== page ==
Depression and Cycling

News & Results

05/11/2004| 0 comments
by Chad Asplund, MD

Depression and Cycling

Cyclists are not immune to mental illness, particularly depression.

It?s Giro time again, which summons memories of the late Marco Pantani on an epic climb in the Dolomites.   Marco, however, suffered an untimely death secondary to a cocaine overdose earlier this year in a possible suicide.   It is known that Pantani had been battling depression and other mental health problems. He'd checked into a clinic for depression last year after his surprising return to form in the Giro d'Italia, where we again saw glimpses of Pantani?s greatness as he battled fiercely on multiple climbs.   Cyclists are not immune to mental illness, particularly depression. Several notable cyclists have suffered from depression including Luis Ocana, Graeme Obree, and more recently Jose Maria Jimenez. <?xml:namespace prefix = o ns = "urn:schemas-microsoft-com:office:office" /?>

 

Depression is very common.   20-30 percent of women and about 10-15 percent of men will experience depression at some time in their lives.   Sources indicate that 19 million people in the <?xml:namespace prefix = st1 ns = "urn:schemas-microsoft-com:office:smarttags" /?>
US
are depressed at any one time.   Depression is a mental illness defined as two weeks of either decreased mood (blue, down in the dumps, sad) or substantially decreased interests or pleasure (no longer wanting to pursue hobbies or pleasurable activities; diminished pleasure when those activities are attempted). In addition to these symptoms, people will experience changes in their sleep, feelings of guilt and self-blame, decreased energy, decreased concentration, change in appetite, changes in speed of cognitive and physical movement, and most seriously thoughts of death or suicide.

 

High level athletes may present with unique aspects of depression.   Because of enormous talent and success, athletes at the highest levels may experience failure, or a decline in performance for the first time, and they may not have the skills to cope with these changes.   Depression is often triggered by loss, and athletes may experience many forms of loss: loss of an event, loss of competitiveness due to aging or injury, and finally transition from sport to life-after-sport, in which they may not be well prepared.   This lack of preparation and subsequent lack of coping skills leads to low self esteem, diminished sense of self worth, and ultimately may lead to depression.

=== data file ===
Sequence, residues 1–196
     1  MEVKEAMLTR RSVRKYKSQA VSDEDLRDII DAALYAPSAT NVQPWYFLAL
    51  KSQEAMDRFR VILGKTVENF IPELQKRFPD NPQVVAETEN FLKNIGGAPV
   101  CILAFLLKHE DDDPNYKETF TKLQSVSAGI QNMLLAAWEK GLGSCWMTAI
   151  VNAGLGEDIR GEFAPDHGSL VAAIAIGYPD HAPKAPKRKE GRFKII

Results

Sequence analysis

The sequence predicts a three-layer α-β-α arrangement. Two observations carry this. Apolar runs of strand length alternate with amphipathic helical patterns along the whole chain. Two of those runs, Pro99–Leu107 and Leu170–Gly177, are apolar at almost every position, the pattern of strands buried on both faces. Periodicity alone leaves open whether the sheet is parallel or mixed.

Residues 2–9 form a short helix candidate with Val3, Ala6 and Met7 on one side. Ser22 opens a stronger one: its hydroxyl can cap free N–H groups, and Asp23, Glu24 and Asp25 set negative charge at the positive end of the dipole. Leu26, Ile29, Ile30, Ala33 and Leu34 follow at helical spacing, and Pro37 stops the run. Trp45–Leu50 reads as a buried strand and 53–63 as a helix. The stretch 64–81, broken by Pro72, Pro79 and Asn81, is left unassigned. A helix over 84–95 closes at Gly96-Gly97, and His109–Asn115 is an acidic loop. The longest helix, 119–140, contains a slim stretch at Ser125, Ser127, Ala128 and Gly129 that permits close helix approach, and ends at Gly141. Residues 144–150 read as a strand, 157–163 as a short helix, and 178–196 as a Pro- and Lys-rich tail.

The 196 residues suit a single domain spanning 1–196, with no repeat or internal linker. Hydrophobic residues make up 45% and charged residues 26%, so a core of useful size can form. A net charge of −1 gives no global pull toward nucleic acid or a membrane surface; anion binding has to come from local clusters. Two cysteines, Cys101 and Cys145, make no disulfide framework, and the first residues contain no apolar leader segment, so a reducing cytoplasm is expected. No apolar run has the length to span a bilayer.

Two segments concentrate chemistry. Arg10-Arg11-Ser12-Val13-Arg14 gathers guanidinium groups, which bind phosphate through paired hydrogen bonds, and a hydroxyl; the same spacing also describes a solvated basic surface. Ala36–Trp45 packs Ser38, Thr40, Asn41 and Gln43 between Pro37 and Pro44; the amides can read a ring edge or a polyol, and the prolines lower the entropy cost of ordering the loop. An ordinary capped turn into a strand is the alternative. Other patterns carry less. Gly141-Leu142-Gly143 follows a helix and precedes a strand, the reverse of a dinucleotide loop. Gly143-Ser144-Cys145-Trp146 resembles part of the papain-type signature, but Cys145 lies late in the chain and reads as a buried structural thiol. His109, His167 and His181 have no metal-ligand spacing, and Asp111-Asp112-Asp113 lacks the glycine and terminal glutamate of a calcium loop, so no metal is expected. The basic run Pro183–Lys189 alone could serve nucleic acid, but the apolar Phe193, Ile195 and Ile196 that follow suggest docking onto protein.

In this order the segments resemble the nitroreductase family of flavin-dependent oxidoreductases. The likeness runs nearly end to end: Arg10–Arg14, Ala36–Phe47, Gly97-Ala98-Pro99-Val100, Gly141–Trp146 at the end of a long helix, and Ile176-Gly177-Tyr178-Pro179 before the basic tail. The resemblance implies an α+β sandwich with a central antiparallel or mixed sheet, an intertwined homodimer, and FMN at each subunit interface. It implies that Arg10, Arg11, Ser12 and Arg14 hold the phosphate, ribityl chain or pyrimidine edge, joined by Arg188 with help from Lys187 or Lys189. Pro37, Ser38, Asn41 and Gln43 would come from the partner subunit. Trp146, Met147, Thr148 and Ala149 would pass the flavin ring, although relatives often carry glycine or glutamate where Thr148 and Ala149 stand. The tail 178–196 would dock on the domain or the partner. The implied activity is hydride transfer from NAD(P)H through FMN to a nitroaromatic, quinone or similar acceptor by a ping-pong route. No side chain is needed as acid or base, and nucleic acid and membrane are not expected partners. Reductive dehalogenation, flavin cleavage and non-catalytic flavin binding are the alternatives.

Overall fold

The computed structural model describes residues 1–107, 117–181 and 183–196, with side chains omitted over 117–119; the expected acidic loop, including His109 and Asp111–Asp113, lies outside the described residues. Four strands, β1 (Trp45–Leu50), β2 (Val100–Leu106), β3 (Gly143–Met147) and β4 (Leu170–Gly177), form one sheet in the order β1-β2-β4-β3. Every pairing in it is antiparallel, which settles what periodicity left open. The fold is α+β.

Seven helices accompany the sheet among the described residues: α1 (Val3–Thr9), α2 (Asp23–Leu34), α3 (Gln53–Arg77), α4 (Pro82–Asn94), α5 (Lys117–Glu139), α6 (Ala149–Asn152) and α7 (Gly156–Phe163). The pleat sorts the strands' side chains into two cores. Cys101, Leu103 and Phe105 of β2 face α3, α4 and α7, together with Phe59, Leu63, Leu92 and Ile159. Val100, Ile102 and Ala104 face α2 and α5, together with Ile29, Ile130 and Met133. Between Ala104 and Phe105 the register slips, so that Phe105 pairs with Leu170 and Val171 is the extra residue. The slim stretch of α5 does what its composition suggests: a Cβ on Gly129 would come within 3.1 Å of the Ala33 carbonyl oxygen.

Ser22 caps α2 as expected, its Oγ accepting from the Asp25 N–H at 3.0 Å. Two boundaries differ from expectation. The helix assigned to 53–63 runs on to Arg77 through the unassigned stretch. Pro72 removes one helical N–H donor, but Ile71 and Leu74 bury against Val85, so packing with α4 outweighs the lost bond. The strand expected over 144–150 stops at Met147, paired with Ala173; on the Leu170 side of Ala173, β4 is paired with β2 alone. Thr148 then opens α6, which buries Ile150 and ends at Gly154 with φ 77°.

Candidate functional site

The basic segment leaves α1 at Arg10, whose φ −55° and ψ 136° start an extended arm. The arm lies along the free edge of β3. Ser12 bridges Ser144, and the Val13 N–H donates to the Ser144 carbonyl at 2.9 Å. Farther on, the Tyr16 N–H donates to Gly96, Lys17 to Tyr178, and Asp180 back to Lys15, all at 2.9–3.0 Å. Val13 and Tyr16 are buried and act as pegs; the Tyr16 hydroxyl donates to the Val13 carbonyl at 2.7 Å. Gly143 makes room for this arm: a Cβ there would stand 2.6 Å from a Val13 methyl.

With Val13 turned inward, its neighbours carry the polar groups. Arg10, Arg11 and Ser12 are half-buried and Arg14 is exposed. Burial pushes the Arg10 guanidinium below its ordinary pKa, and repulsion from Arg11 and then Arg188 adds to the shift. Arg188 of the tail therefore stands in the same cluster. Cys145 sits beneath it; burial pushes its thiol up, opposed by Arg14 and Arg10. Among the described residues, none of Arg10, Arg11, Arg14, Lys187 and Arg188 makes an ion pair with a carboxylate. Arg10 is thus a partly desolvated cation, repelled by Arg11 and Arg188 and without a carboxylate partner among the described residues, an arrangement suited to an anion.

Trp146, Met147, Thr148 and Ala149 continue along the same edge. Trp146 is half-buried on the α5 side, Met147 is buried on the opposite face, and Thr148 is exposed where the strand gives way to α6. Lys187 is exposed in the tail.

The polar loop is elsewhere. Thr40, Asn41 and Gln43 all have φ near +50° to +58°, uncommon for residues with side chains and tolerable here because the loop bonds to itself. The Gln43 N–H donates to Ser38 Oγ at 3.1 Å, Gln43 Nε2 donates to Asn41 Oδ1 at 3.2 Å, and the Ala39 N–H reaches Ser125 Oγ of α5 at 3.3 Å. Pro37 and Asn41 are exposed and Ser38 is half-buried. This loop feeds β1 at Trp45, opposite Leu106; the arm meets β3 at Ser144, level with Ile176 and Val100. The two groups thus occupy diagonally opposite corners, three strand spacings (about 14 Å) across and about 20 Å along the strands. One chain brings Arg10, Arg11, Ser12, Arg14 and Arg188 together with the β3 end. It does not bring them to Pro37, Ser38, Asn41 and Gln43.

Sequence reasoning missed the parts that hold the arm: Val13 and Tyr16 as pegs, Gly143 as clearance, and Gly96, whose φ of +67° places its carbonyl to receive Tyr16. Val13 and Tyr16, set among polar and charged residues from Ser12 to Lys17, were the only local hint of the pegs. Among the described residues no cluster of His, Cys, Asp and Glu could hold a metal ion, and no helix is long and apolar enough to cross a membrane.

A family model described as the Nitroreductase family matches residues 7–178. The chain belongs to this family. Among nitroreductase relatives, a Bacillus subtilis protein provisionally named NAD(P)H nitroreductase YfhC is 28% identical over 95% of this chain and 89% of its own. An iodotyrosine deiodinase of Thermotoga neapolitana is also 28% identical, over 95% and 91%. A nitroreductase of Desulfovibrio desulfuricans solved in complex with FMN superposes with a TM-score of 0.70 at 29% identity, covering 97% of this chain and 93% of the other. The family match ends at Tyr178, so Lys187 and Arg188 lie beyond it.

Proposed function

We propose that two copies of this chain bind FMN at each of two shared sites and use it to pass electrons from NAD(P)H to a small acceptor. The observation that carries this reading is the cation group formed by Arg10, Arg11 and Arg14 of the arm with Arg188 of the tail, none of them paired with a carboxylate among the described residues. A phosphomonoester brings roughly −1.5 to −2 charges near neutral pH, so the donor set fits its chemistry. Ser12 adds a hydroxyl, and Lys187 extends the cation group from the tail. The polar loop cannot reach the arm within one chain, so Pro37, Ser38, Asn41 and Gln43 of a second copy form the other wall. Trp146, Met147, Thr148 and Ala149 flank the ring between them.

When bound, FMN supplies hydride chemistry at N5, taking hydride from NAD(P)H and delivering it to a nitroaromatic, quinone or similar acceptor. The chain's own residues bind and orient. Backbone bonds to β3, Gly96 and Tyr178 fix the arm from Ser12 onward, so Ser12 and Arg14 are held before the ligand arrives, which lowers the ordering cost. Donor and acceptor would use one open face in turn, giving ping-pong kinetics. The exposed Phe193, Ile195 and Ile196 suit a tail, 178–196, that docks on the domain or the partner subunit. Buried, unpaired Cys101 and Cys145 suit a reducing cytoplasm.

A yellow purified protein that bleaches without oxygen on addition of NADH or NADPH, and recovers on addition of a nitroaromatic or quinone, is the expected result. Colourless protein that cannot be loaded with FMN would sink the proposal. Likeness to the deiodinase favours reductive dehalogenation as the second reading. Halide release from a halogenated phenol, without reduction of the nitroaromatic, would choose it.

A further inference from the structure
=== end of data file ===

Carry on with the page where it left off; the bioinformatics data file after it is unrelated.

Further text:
Although the exact cause of depression is unknown it is felt to be due to an imbalance of the brain chemicals serotonin, norepinephrine, and dopamine.   It is likely however, that environmental factors also contribute to depression.   Stress is a major contributor with medication and substance use contributing as well.   Athletes frequently encounter stress of competition, but more commonly face the stress of overtraining.   Overtraining leads to a chronic state of being overtired and under-recovered.   Elite cyclists, especially those training for and participating in stage races, are constantly teetering between being well conditioned and over trained.   It is also speculated that performance enhancing agents, most notably human growth hormone, may also alter the normal levels of brain chemicals potentially contributing to depression.

 

There are two main forms of treatment for depression: cognitive behavioral therapy (talk therapy) and pharmacologic (medications).   Cognitive therapy aims to help the athlete develop coping skills and

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